fbpx

Spring Budget 2017 – Property Tax

Author

Angela Wood

Angela joined ETC Tax in January 2015. As Managing Director, Angela has overall responsiblility for the day to day running of the practice including operations, financial, HR, and strategic marketing.

Many were expecting some more changes to property tax as a result of this week’s budget, but as it happens things were pretty quiet in this area.

However, for the sake of completeness, it is worth a reminder of a number of changes that were already anticipated.

Non-residents holding UK property

New rules for non-UK residents trading or developing UK land were introduced in 2016. The legislation aimed to target perceived tax avoidance by what were essentially UK developers using offshore structures. The legislation took effect for disposals of UK land taking place on or after 5 July 2016; but as it often the case with new legislation amendments to that legislation were published on budget day. Broadly speaking the only change of note, is to clarify that the exclusion for disposals taking place before 5 July 2016 will not apply where the profits from that disposal are recognised in the accounts on or after 8 March 2017. The government has explained that it was never intended that contracts entered into at a very early stage of development where profits are being released over a long period of time would be excluded from the new rules. Rather, the exclusion was only intended to assist taxpayers whose disposals were taking place very shortly after 5 July 2016.

Mortgage interest relief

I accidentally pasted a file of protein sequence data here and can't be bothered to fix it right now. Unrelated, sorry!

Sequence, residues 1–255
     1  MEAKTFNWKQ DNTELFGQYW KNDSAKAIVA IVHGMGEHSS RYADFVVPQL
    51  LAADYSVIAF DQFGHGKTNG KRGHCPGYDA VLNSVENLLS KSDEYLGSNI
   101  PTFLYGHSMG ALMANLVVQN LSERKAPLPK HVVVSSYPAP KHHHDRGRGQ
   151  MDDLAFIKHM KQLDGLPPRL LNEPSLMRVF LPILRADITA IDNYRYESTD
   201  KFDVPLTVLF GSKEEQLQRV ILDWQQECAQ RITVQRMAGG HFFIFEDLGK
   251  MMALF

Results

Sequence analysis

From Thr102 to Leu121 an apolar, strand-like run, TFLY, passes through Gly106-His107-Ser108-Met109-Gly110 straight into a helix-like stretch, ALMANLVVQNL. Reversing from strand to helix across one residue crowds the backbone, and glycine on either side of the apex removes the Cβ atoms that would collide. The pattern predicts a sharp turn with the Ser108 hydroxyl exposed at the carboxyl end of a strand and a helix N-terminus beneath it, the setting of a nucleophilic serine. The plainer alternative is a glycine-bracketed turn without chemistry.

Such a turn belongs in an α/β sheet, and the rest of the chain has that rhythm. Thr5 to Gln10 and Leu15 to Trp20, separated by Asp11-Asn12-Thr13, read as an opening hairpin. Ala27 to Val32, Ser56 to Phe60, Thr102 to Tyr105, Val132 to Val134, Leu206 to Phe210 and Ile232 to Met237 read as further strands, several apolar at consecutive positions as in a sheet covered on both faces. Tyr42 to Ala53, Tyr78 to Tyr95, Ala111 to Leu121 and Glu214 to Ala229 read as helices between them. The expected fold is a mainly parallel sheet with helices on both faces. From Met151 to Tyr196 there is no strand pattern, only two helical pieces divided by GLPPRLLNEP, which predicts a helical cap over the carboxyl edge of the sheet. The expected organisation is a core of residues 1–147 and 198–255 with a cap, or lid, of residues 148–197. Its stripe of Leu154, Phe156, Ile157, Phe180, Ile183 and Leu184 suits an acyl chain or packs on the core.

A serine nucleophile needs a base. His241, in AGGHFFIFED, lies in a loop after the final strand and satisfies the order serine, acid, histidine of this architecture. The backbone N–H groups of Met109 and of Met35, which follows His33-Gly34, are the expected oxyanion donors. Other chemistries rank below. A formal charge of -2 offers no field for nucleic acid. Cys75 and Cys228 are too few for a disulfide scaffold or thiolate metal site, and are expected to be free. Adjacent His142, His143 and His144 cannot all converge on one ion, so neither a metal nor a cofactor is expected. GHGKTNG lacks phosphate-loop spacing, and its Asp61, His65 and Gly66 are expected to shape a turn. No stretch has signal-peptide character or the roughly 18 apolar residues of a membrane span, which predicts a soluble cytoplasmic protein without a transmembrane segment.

There was no change to the restriction on mortgage interest relief due to take effect from 6 April 2017, and the legislation relating to this will come into force as anticipated. A number of concerns were raised by industry experts when the draft legislation was announced, and it appears that many of those concerns have yet to be addressed.  The legislation could see taxpayers who are making losses on their property portfolio having to pay tax, where they previously would not have done and/or effective tax rates in excess of 100%; and it is clear that careful consideration of the tax position before and after the changes is required in order to ascertain whether an individual property portfolio is sustainable in its current form.

Bringing UK non-resident companies within the scope of UK corporation tax

In the Autumn Statement, the Chancellor announced that he intended to consult on the proposal to bring UK non-resident companies within the scope of UK corporation tax.  It was not clear at the time what this might look like.

As many will be aware on 6 April 2015, the government introduced a capital gains tax charge for offshore companies holding UK residential property, but fortunately it appears that, as yet, there is no intention to extend the scope of this charge to commercial property.

The consultation, which is due to commence on 20th March appears to be restricted to those companies who are currently chargeable to income tax on their UK taxable income and to non-resident capital gains on certain gains.

Whilst there were no major shocks in the property tax world there were certainly no pleasant surprises either. Many were hoping that some of the recent measures targeting buy-to-let landlords might be re-considered, and were left disappointed.

If, you or your clients are property developers or investors and would like to understand a little more about how these changes might affect you or if you have any queries on any aspect of property tax, please do get in touch.

 

Leave a Reply

Your email address will not be published. Required fields are marked *

This site uses Akismet to reduce spam. Learn how your comment data is processed.

By continuing to use the site, you agree to the use of cookies. more information

The cookie settings on this website are set to "allow cookies" to give you the best browsing experience possible. If you continue to use this website without changing your cookie settings or you click "Accept" below then you are consenting to this.

Close